Photo 08-10-2014 15 08 55I went to British Wool Weekend in Harrogate last month, but that was very small, and I wasn’t able to make Yarndale, so when I saw that the Knitting and Stitching Show was coming to Alexandra Palace I jumped at the chance. After all, the train line from Cambridge to London goes right past Ally Pally, so it’s probably my closest big show. I left it too late to book in advance, and tickets on the door were limited, so I decided to go on the very first day, as soon as it opened. This turned out to be a great idea, as the show wasn’t too crowded and of course all the stalls were fully stocked.

I’d been very organised: I had a budget I wanted to stick to, plus a shopping list of yarns and buttons for upcoming projects, samples of yarn for button-matching and even a buttonband swatch for one cardigan. With the aid of much patience, I managed to get everything on my list, including some gorgeous aran weight Donegal Tweed from Craftspun, and beautiful buttons from Textile Garden. But did I stick to my budget? Yeah, not so much…


Clockwise from top left: Rowan Purelife sweater pack, Natali Stewart lace, Debbie Bliss Rialto Aran sweater pack, Baa Ram Ewe Titus mini-skeins, Debonnaire sock, DROPS Nepal, Craftspun Donegal Tweed, Tall Yarns sock lace.

There were just so many beautiful yarns, not to mention must-have items like a KnitPro zipped case for my interchangeable needles, which tend to slide out of the fabric case I’ve been using. And then there were the half-price(ish) sweater packs. Two huge piles of them around the Black Sheep stand, near the middle of the largest exhibition hall. I trawled through them, picking up and discarding one after another, before eventually settling on one pack of Rowan Purelife recycled cotton/silk mix in a lovely marled lilac, and one of Debbi Bliss Rialto Aran in a glorious blood red.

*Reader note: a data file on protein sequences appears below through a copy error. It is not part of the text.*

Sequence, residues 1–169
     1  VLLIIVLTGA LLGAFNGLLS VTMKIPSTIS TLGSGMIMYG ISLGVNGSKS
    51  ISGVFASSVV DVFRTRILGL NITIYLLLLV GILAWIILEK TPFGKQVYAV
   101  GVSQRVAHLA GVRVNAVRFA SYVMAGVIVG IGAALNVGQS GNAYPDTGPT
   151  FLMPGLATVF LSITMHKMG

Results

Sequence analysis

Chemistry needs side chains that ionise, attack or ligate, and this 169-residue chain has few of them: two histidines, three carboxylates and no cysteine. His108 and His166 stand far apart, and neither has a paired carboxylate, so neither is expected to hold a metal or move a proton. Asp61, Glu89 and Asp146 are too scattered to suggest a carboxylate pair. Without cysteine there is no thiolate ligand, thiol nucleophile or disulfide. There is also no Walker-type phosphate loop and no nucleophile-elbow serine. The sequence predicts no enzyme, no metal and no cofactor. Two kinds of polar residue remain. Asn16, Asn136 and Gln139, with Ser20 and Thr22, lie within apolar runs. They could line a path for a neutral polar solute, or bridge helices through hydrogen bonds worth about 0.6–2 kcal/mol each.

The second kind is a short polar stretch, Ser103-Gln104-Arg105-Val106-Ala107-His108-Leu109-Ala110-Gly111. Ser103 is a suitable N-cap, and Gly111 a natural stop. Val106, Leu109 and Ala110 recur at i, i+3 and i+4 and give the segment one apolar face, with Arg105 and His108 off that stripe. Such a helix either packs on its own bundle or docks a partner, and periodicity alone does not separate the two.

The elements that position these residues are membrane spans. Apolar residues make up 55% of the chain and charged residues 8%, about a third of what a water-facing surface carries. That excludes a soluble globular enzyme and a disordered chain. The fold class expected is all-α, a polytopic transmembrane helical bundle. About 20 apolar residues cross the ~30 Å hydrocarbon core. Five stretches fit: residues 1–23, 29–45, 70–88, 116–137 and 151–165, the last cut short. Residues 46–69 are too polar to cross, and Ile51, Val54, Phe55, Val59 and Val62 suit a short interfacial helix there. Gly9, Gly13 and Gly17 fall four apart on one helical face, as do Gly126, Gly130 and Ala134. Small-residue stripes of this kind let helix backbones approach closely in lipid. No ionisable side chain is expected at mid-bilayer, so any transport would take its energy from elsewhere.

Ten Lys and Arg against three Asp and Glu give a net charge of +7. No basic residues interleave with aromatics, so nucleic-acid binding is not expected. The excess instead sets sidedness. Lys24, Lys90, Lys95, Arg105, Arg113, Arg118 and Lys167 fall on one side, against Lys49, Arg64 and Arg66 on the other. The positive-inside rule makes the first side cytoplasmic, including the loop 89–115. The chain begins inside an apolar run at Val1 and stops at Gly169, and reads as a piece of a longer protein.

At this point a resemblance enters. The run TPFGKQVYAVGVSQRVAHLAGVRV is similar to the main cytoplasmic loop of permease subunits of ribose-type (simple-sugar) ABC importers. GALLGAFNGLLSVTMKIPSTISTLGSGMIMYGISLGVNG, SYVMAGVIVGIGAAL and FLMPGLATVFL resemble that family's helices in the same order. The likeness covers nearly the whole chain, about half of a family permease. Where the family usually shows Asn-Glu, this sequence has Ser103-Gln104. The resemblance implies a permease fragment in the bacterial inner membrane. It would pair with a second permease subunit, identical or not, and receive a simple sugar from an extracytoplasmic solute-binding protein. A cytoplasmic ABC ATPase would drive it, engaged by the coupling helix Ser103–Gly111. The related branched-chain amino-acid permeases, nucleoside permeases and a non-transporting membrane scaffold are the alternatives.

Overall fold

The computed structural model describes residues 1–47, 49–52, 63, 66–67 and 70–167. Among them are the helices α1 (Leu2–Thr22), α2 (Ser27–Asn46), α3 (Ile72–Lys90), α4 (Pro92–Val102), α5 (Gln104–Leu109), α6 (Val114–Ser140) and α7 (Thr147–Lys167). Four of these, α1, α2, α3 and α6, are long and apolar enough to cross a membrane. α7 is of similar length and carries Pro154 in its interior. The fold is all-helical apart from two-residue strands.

So yes, my stash has ballooned as a result. I worked out I bought enough yarn for:

  • 3 cardigans
  • 2 lace shawls
  • 2-3 pairs of socks
  • 1 pair of gloves

Which might not sound like much, but when you consider that a) I’ve only been knitting seriously for about six months and b) I had to carry all that stuff back on the train, it was plenty, believe me! I’ve had to buy two more 24 litre storage boxes so that I have space for the sweater packs – I now have four of these boxes for my “clothing” stash, plus two under-bed boxes for yarn destined for gifts and household items (plus miscellaneous leftovers). As a result, whilst I’m not exactly going on a yarn diet, I’m going to limit myself to smaller purchases – no more sweater quantities until I’ve knitted at least one!

I don’t regret the extravagance, and I certainly don’t regret going to the show. In addition to being able to purchase new yarns, I was also able to stop and chat to several of the stall-holders, including Tracy and Kari-Helene from Purl Alpaca Designs, who gave me some really useful tips on how to adjust the Isis Tailcoat pattern to suit my (lack of) height. I also met Monica Russel, whose wellie toppers I’m making for my nephew and niece for Christmas (sssh!), and was able to ask her about an error in the printed pattern.